Today was a gorgeous day in south Texas–sunshine, clear skies, temperate weather, and it’s the weekend. Because it is the first weekend of Spring Break, I did my very best to sleep as late as possible. I feel like I am still recuperating from the last few months of moving and travel, and I see the rest as explicitly therapeutic. After I did wake up I read in bed for a while until I noticed out the window that Geoff was working in the garden. Since the garden is my responsibility I quickly got dressed and went out to help. Geoff helped me do some weeding. I still have a little bit of trouble distinguishing between baby plants and baby weeds, but the plants are getting big enough that I can basically tell the difference. We picked some weeds by hand and we used the hoe to get the rest. Geoff also taught me how to transplant seedlings so that they would not be too crowded. I also got to use my new machete today to prune some wayward bamboo. The machete got the job done, but it needs to be sharpened before I can really do some damage to the encroaching bamboo. Scooter and Bailey proved once again why they are unemployable. Scooter kept stepping in the garden and Bailey kept dropping her duck toy on the corn. Because of the trauma their antics caused to my potted herbs we had to replant and then set the herbs up inside until they sprout.
I am excited for my garden to grow, but until then, I am more than happy to go to the Pearl Brewery Farmers Market (http://www.pearlfarmersmarket.com/). Yesterday I met my friends Amanda and Adele there. They had run, but I was still participating in my Spring Break Sleep Rejuvenation Program, so I drove. In addition to the abundance of great local produce, meat, and dairy products, there were also a lot of fun people there. I ran into a couple that Geoff and I know and it turns out they are moving to Kentucky the day before we are. The husband in the couple just got hired as a professor at the University of Kentucky College of Law. They were both wearing KY t-shirts, as was I. It was a pretty unbelievable coincidence that we are all moving to Kentucky in just a few short months. I am very excited to at least know someone in the area, and I am happy to know that we have our first potential customers lined up. My mom would say it’s a sign. I am prepared to admit that it is a happy coincidence.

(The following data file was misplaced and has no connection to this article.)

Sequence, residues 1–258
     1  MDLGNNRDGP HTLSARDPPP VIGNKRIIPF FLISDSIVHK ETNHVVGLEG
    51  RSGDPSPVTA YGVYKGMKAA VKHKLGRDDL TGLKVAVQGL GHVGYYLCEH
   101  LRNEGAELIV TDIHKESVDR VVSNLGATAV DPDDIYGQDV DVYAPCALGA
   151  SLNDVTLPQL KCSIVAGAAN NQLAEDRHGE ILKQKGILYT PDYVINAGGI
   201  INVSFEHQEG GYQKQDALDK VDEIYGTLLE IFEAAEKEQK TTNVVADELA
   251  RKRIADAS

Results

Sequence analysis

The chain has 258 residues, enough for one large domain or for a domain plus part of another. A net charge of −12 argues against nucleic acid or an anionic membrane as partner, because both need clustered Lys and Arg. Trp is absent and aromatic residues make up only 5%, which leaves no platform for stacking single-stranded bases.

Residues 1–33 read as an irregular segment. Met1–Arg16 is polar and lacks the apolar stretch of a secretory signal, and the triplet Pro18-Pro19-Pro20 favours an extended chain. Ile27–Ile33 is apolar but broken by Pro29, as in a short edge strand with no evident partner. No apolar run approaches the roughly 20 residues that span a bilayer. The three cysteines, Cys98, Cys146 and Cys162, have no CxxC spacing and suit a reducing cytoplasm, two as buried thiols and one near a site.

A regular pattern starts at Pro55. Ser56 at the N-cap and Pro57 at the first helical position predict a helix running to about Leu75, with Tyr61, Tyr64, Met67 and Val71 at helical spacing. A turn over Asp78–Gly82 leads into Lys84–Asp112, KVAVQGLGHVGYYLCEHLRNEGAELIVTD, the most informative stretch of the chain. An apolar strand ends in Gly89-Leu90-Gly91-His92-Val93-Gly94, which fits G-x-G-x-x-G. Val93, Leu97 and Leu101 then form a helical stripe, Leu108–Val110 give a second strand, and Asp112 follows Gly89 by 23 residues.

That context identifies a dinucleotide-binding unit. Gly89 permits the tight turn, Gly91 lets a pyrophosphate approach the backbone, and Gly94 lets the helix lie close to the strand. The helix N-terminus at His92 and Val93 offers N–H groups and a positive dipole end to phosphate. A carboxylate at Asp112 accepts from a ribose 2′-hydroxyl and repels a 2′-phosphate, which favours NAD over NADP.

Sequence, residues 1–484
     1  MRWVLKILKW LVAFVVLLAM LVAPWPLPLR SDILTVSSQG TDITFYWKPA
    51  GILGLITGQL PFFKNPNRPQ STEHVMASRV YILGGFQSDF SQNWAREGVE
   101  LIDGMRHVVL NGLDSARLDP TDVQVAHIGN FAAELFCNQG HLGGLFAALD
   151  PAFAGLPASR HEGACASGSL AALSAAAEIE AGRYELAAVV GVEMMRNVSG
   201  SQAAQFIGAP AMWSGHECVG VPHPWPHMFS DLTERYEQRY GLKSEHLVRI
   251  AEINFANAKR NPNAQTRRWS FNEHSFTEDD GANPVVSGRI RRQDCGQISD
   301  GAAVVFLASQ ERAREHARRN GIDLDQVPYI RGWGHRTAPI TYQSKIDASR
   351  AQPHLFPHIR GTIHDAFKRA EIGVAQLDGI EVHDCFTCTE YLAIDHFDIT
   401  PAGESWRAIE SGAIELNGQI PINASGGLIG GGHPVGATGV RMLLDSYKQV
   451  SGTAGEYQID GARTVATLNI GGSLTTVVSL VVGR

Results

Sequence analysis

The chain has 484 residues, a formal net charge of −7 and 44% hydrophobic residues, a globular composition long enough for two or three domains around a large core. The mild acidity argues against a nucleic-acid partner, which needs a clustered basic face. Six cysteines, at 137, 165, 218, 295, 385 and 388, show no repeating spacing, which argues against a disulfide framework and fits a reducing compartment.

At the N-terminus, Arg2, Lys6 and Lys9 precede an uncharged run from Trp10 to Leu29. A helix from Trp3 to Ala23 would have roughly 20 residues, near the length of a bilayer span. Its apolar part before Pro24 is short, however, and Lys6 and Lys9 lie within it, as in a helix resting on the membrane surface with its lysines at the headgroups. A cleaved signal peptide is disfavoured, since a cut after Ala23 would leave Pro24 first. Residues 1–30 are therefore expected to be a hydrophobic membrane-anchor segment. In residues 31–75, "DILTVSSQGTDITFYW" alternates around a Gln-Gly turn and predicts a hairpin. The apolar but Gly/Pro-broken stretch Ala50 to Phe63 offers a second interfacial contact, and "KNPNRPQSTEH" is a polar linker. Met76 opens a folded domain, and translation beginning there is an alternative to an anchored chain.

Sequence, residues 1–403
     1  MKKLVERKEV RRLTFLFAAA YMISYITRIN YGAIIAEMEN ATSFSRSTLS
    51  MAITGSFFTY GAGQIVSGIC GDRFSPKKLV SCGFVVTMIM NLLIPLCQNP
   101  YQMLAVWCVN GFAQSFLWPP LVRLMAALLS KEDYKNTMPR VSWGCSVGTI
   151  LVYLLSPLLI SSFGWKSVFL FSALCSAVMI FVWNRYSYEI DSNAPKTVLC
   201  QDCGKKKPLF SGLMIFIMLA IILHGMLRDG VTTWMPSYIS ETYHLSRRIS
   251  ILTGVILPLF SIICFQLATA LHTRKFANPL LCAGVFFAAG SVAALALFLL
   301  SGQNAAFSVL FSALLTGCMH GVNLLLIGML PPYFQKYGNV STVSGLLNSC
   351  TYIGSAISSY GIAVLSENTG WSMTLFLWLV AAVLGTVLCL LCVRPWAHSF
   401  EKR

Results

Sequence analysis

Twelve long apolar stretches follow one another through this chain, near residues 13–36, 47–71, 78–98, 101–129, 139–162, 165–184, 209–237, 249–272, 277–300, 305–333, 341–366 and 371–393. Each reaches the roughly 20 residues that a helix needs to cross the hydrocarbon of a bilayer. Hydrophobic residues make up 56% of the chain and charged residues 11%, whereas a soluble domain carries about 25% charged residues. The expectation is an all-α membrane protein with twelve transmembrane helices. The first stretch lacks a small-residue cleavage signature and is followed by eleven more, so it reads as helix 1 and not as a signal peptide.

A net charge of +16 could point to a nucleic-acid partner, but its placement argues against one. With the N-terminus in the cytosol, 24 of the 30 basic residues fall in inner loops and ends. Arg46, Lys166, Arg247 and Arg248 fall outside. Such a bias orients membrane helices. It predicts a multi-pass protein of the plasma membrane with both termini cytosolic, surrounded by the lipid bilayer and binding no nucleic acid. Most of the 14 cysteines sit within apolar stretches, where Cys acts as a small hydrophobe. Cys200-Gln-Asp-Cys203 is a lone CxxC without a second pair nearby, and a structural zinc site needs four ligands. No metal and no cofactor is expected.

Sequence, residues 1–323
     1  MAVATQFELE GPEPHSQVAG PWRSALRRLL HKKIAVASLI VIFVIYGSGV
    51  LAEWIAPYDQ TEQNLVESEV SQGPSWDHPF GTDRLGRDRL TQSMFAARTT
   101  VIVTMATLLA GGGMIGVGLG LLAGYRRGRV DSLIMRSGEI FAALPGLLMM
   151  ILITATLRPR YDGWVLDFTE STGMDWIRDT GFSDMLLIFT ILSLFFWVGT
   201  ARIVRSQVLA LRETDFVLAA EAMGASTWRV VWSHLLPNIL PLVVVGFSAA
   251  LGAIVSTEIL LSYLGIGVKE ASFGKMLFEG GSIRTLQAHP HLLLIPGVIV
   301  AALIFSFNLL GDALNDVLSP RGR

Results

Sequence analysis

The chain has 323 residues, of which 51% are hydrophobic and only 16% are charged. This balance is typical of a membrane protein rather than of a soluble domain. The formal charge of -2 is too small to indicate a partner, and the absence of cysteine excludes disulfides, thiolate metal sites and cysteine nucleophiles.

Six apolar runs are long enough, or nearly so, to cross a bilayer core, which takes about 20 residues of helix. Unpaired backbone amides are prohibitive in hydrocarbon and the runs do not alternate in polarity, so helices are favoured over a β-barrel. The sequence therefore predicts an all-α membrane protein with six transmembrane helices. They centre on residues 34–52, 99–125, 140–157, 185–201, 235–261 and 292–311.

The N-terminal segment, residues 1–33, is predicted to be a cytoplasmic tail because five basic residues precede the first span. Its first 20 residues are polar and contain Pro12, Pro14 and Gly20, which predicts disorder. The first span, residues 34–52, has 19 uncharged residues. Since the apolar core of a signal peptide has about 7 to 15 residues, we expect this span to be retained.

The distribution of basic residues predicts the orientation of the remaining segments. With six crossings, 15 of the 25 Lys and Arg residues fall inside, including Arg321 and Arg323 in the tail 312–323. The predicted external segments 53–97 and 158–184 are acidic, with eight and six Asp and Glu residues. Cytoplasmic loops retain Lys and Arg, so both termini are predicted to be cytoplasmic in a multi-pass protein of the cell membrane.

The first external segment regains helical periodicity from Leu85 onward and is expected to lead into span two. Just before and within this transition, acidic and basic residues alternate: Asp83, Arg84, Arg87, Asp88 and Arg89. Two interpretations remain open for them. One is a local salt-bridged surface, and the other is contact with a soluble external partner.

Grass is the theme of this weekend. Let me explain: Yesterday at the farmers market Adele and I bought some grass-fed beef from a great local farm called L&M Ranch (http://www.lmbeef.com/). I had read all about them before when I searched for local grass-fed beef producers on http://www.eatwild.com/. It was very exciting to meet the farmer in person. Last night my friend Angela hosted us at her house as we dined on the grass-fed burgers Adele purchased, some organic wine, and some deserts that I picked up made with hormone free dairy products. It was a great meal and evening conversation brought to us in part, by grass.
Today, Geoff began preparing a grass-fed chuck roast that I bought yesterday. It has been slow cooking for the last five hours and smells divine. While he worked on that I went for I nice walk through the neighborhood. The mountain laurel are in bloom, in addition to many other beautiful flowering plants. When I came back I felt a little ashamed about the condition of our rental house lawn, so I decided to do something about it. Mowing the lawn would have been a purely academic exercise. There was no grass to mow. Instead there was an ecosystem of weeds to destroy. More aptly, to eat. So I got out the weed eater and ate with a vengeance. In fact I weed ate so furiously that I used up all of the juice in the electric weed eater. It is now charging, slowly, and the yard remains partially weed-eaten. Partial weed eradication is still an improvement though. I long for the time, about a year from now, when the job of weed eating will belong to one of our goats and not an electric device. I also long for the day when our lawns are filled with luscious flowing grass of all varieties that are daily enjoyed by various species of healthy herbivores.